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Guest Article: Are Mountain Lions More Important Than the Safety of People, Children, and Pets? – Part 1, by William E. Simpson

In the late 1980s, it was determined by a relatively small group of financially- and politically-biased scientists and their lobbyists that the population of mountain lions (aka: cougar, puma) in California was dangerously low. So, they launched a massive media campaign to convince Californians that there was a genuine problem, giving rise to the 1990 California State legislation that provided a “protected” status for mountain lions. However, there was no overwhelming body of scientific evidence supporting such a claim. If there had been such credible evidence supported by a collective of unbiased and objective wildlife biologists, forming a majority opinion, mountain lions would have surely reached the benchmark for obtaining “endangered species” status and would be listed as such today. That was not the case. “One” Specially-Protected Mammal Since the passage in 1990 of California S.B. 132, which designated mountain lions as a “specially protected mammal”, deer populations have sequentially fallen-off to a point where they are in very serious decline, possibly leading to moratorium on deer hunting! The Department of Fish and Wildlife estimates there are now 445,000 deer in California, down from two million in the 1960s and 850,000 in the 1990s. The reality is that mountain lions … Continue reading

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Letter Re: How To Obtain Protein From Alternative Sources Without A Firearm

Just a note about small animals: Don’t count on them for the bulk of your diet. Take for example crayfish: The calories for your effort may be very small. There are approximately 3.5 calories in a crayfish tail. (There’s more if you eat the head but not much more.) I’ve seen traps bring in around 50 crayfish on a good day. Therefore, for enough crayfish for a 350 calorie snack, you’ll need at least two traps, and that’s on a good day. Double that for average days. If you want 1/4th of your calories of a family of four to be crawfish on a 3,000 calorie diet (I consider 3,000 a minimum, given the extra calories being expended during TEOTWAWKI), you need to catch 857 crayfish per day, using about 34 traps! When you also consider that you’ll also expend calories trapping and shelling almost 900 crawfish, it gets exhausting quick. Also, pray your traps aren’t robbed. Crawfish make a good food that can balance out the routine of your food rations. They also have a nice quantity of vitamins and minerals. Don’t count on them so much for your daily bread, but they do play a good role in … Continue reading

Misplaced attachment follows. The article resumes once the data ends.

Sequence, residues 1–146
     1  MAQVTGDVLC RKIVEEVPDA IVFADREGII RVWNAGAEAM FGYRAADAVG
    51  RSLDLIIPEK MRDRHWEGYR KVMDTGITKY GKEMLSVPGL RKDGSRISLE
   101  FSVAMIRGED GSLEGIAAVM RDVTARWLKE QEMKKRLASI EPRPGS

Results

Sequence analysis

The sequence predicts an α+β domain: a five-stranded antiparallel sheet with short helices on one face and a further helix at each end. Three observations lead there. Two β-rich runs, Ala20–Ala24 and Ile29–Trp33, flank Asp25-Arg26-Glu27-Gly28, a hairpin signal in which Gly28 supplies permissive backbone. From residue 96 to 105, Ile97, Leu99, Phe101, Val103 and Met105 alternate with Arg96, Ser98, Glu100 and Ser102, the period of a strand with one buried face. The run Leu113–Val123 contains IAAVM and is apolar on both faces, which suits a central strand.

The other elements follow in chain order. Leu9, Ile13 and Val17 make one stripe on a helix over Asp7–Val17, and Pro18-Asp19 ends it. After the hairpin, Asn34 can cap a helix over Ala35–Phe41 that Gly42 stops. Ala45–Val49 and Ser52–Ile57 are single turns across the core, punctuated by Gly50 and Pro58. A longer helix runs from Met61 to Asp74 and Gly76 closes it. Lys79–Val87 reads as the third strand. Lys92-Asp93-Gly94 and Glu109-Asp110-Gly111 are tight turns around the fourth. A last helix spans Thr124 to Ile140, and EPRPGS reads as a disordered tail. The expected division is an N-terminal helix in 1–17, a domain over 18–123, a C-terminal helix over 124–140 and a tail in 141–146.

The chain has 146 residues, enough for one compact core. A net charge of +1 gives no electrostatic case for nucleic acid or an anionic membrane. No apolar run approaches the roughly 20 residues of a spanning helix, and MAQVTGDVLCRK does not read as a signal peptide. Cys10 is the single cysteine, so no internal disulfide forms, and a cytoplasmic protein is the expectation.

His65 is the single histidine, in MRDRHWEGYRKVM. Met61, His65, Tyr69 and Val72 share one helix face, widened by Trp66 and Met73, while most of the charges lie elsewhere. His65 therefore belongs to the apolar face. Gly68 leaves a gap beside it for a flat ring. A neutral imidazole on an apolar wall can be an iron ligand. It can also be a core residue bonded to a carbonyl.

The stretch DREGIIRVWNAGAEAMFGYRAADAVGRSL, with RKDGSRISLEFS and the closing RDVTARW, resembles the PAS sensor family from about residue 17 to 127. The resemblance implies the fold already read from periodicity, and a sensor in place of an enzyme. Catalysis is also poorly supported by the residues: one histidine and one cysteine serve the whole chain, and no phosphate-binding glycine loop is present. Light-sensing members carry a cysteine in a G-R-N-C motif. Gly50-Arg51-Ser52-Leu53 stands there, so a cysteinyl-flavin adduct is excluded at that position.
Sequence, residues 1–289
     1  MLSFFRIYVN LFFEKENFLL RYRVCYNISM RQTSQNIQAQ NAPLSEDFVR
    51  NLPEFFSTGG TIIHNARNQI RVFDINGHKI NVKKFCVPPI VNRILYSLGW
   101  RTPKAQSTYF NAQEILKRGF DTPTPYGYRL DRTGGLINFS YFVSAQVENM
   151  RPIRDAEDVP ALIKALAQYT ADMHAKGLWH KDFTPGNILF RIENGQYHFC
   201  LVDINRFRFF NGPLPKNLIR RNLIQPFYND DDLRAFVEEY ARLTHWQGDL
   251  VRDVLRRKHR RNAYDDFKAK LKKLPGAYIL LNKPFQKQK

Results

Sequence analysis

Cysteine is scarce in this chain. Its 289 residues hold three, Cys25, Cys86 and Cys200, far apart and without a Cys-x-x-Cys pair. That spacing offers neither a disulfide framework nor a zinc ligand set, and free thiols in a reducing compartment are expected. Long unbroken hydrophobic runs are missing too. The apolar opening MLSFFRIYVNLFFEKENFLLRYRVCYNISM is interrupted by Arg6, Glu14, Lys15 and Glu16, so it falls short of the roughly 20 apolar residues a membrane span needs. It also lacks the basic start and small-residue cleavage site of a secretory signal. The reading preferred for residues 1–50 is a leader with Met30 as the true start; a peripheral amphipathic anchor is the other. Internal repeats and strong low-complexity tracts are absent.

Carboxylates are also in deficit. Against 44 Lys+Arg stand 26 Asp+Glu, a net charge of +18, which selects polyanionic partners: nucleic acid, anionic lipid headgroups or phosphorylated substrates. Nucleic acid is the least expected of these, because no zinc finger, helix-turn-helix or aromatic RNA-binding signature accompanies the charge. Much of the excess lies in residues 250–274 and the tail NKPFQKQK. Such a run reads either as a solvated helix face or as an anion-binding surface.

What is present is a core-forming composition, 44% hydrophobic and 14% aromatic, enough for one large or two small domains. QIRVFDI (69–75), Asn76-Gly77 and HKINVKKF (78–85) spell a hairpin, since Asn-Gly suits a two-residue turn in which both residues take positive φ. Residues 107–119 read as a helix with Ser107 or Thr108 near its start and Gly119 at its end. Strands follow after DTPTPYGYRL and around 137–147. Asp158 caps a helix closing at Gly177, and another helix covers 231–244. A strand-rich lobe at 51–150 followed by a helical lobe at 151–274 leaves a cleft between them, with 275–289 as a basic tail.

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Two Letters Re: How To Obtain Protein From Alternative Sources Without A Firearm

Dear HJL, Here’s a low-cost alternative to metal traps-– build a trapping pit. Trapping pits have been used since the Stone Age to put meat on the table. A deer trail or other evidence of animal activity is located, then a deep pit is dug and lined with stone or wood planks to prevent escape. Spikes or sharp sticks are mounted on the bottom of the pit to kill or injure the prey, and the hole is covered with a tarp or branches to disguise it. My family has stored up a dozen or so 4’ re-bars and a couple of camo tarps to build an animal pit in the woods adjoining our property, should the SHTF. o o o Hi, I had a comment on Rockvault’s excellent article on “How To Obtain Protein From Alternative Sources Without A Firearm”. In addition to the protein sources he listed, you should also consider insects, which are high in protein, easy to catch, and one of the most abundant food sources in the world. Field & Stream had a good article a while back on the subject. If you’re into developing a more sustainable lifestyle as a foundation for prepping, eating insects … Continue reading

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Letter Re: How To Obtain Protein From Alternative Sources Without A Firearm

JWR/Hugh, I loved this article about alternative means for obtaining food. Much of the information was repeat for me, as I do a lot if those things already. I would add as a point for anyone trying to get into trapping that unless you are in a very target rich environment, trapping has a low rate of return. Typically, traps will catch something 1 out of 5 or 1 out of 10 times. Either the animal misses it, or a non-target animal trips the trap. I would recommend having multiple traps (like 6 or 12) and some snare wire around to really take advantage of non-firearm protein gathering. Also, a 110-conibear trap is great for many small game species and can be baited or placed in runs. They’re also cheap and available used from old or retiring trappers. Don’t forget a cheap crayfish trap too. Bait it with fish guts and you’ll have dinner in no time! – JPR